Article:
Flying Clocks on Jets and in space
Scientists have flown clocks in jet aircraft and on orbiting spacecraft and measured the slowing of their onboard clocks by comparing them to clocks on the ground.
Around the world in 40 hours.
Compare watches with a friend as you leave San Francisco on a roundtheworld tour by jet. When you return you compare watches again, They will agree to within the accuracy of the watches. So it seems that Newtons idea that clocks run at the same at all speeds and in all locations is correct.
However this very experiment was done in 1971 using very accurate atomic clocks (cesium beam) flying around the world strapped to the wall in coach class in a 707 airliner.
The experimenters were J.C.. Hafele of Washington University, and Richard Keating of the U.S. Naval Observatory.
Images: experimenters, 707, atomic clock
Use this one it is simpler
In another experiment, on November 22, 1975 a U.S. Navy P3C Orion aircraft flew back and forth for 15 hours at altitudes between 25,000 and 35,000 feet (7,600 meters to 10,600 meters) over Chesapeake Bay. The experimenter was Carroll Alley the plane flew at 270 knots or 140 m/s and clocks were compared on the plane and on the ground by laser signal.
The clocks lost 5.6 nanoseconds during this 15 hour flight, as predicted by Special Relativity. The plane flew at 4.7 x 10^7 c.
If we imagine a version of this experiment in which the plane flew around in a circle over us for the same 40 hours it took to fly around the world then the following calculation can be done.
In 40 hours of flying at 550 miles per hour the flying clock ran slower and measured less time than the clock on the ground.
calculation gamma = 1/(1v^2/c^2)^0.5 with v = 550 and c = 700,000,000gamma = 1+ 3 * 10^13
40 hr. = 1.5 * 10^5 s so it takes longer by 4.5 * 10 ^8 s or 45 nanoseconds.
Atomic clocks can easily measure this time difference.
Calculator to do this? ala RonH your weight on other worlds.
Frequent Flyer Seconds enter the number of frequent flyer miles you have flown in your life ( between 0 and 100,000,000) print out the number of seconds your watch has lost as viewed by a stationary observer on the ground.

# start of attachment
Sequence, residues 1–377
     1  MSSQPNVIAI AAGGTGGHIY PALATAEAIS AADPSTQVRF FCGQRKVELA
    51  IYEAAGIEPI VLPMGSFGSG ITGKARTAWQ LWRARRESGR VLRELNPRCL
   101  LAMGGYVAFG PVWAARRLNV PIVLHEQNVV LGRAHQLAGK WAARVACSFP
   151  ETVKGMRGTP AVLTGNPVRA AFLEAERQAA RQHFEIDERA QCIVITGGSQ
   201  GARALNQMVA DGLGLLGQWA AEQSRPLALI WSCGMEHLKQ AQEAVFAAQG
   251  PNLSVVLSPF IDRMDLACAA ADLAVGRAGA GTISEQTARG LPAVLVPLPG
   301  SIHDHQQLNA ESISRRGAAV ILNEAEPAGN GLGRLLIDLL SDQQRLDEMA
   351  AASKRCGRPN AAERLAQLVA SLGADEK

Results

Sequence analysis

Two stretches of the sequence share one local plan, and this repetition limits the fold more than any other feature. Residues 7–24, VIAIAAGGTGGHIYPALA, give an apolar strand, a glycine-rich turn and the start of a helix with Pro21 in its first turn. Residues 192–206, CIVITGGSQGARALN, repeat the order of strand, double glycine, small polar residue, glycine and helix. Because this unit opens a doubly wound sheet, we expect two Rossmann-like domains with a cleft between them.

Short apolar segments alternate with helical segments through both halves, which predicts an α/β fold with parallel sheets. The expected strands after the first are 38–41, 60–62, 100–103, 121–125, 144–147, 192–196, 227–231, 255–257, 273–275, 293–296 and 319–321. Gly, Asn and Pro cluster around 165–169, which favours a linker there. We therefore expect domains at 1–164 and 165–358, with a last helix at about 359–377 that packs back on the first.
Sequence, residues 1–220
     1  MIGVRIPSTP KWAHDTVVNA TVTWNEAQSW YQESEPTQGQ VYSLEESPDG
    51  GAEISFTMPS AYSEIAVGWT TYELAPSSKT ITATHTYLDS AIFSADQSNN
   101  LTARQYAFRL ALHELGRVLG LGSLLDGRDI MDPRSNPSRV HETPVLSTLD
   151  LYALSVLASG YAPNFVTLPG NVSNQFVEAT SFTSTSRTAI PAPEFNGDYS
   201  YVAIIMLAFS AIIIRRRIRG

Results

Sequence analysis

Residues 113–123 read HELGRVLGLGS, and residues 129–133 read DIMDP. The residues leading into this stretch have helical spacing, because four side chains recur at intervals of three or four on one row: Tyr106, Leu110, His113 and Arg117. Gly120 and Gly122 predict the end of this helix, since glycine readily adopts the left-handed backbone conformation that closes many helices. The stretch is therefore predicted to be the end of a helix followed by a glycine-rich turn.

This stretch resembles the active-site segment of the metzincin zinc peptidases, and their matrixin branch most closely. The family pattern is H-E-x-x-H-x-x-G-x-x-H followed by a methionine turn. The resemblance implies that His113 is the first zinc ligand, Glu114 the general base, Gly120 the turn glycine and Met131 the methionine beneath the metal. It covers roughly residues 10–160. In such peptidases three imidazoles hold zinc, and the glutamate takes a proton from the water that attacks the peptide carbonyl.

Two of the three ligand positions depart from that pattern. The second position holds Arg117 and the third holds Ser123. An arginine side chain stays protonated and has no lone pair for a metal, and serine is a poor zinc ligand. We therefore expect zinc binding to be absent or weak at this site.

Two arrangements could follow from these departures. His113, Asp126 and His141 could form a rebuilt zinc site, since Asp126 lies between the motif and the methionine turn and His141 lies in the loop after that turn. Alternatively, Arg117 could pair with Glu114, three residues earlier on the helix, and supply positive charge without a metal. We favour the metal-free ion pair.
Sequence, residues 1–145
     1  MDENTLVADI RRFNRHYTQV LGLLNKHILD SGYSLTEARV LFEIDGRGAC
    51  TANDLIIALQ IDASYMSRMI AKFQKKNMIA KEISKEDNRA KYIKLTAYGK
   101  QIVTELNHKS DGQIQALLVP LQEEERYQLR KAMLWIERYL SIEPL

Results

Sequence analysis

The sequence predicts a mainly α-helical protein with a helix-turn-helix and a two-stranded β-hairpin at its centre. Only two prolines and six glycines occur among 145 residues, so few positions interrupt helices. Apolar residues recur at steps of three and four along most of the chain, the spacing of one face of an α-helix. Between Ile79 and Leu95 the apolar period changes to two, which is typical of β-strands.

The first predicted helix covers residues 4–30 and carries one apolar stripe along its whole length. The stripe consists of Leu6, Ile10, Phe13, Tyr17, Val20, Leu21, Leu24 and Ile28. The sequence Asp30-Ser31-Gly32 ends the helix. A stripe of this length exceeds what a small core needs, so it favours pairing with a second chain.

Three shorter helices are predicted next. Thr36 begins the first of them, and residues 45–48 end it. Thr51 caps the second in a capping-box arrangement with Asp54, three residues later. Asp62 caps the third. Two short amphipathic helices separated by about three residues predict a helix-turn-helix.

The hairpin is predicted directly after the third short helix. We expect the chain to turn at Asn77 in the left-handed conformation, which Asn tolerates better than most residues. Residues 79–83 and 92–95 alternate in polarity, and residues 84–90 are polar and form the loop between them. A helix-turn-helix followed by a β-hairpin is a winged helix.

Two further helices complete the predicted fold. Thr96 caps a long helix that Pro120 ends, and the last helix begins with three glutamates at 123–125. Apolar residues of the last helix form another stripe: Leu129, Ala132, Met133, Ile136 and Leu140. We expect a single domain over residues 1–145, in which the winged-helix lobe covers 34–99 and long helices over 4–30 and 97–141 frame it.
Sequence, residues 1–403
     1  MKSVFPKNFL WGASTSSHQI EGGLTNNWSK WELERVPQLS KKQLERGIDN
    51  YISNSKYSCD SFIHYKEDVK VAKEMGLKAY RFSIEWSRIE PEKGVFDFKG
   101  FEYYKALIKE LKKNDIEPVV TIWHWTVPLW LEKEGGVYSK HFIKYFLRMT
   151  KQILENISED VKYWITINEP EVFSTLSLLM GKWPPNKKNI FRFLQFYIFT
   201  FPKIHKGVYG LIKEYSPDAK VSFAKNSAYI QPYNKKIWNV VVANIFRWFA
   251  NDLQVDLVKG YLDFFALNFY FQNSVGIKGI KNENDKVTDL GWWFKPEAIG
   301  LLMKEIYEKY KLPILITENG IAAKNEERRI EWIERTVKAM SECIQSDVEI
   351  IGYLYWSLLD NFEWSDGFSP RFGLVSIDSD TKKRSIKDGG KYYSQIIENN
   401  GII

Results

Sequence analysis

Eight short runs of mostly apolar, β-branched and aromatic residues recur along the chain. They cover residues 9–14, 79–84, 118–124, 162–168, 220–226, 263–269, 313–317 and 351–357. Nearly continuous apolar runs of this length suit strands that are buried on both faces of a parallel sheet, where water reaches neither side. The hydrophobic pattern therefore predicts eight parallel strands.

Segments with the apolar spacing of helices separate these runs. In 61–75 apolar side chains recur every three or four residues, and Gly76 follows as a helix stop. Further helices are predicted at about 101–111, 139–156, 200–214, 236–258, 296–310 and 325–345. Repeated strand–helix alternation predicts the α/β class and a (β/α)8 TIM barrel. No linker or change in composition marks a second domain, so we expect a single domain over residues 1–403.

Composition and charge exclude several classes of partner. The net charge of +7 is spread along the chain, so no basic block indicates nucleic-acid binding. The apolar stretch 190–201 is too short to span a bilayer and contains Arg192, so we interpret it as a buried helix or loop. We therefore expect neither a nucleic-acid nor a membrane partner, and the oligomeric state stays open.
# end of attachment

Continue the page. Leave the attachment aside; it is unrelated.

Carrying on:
convert m miles into hours h into seconds t then multiply by 3 * 10^1355,000 miles will save you 0.1 microsecond
There is another effect from general relativity that also affects this experiment, clocks run slow when the acceleration is higher, so near the surface of the earth where the acceleration of gravity is higher than in an airplane clocks run slower, this effect was also observed during the round the world flight, but we're not dealing with general relativity on this web page.
GPS
There are 24 satellites orbiting the earth as part of the Global Positioning Satellite navigation system.
These satellites have atomic clocks on board,
Receivers on earth use signals from these satellites to determine the location of the receiver on the earth. The satellites circle the earth twice per day at an altitude of 20,000 km and at a speed of 14,000 km/hr or 3.9 km/s or 3.9 * 10^3 m/s
Because the atomic clocks are moving relative to the surface of the earth, and because the satellites are in orbit high above the earth the clocks must be adjusted for the effects of special relativity as well as general relativity.
A moving clock appears to run slow in special relativity. The GPS satellites are orbiting at a speed that is fast enough to make the clock lose 7,000 nanoseconds a day. This would lead to an error in the location of the receiver on the ground of 7000 feet or about 1.5 miles per day.
A moving clock appears to run fast when it is in a lower gravity environment. The clocks run fast so that they gain about 45,000 nanoseconds a day due to general relativity. The combination of the gain from general relativity and the loss for special relativity would create an error of about 38,000 ns or 7 miles per day if corrections were not made.
The first GPS satellite was launched without the relativity correction program operating. The data showed that Einstein's theories predicted the changing clock rates of the GPS satellites within the errors of the measurements. The engineers then turned on the correction program.
Scientific Explorations with Paul Doherty 

8 May 2005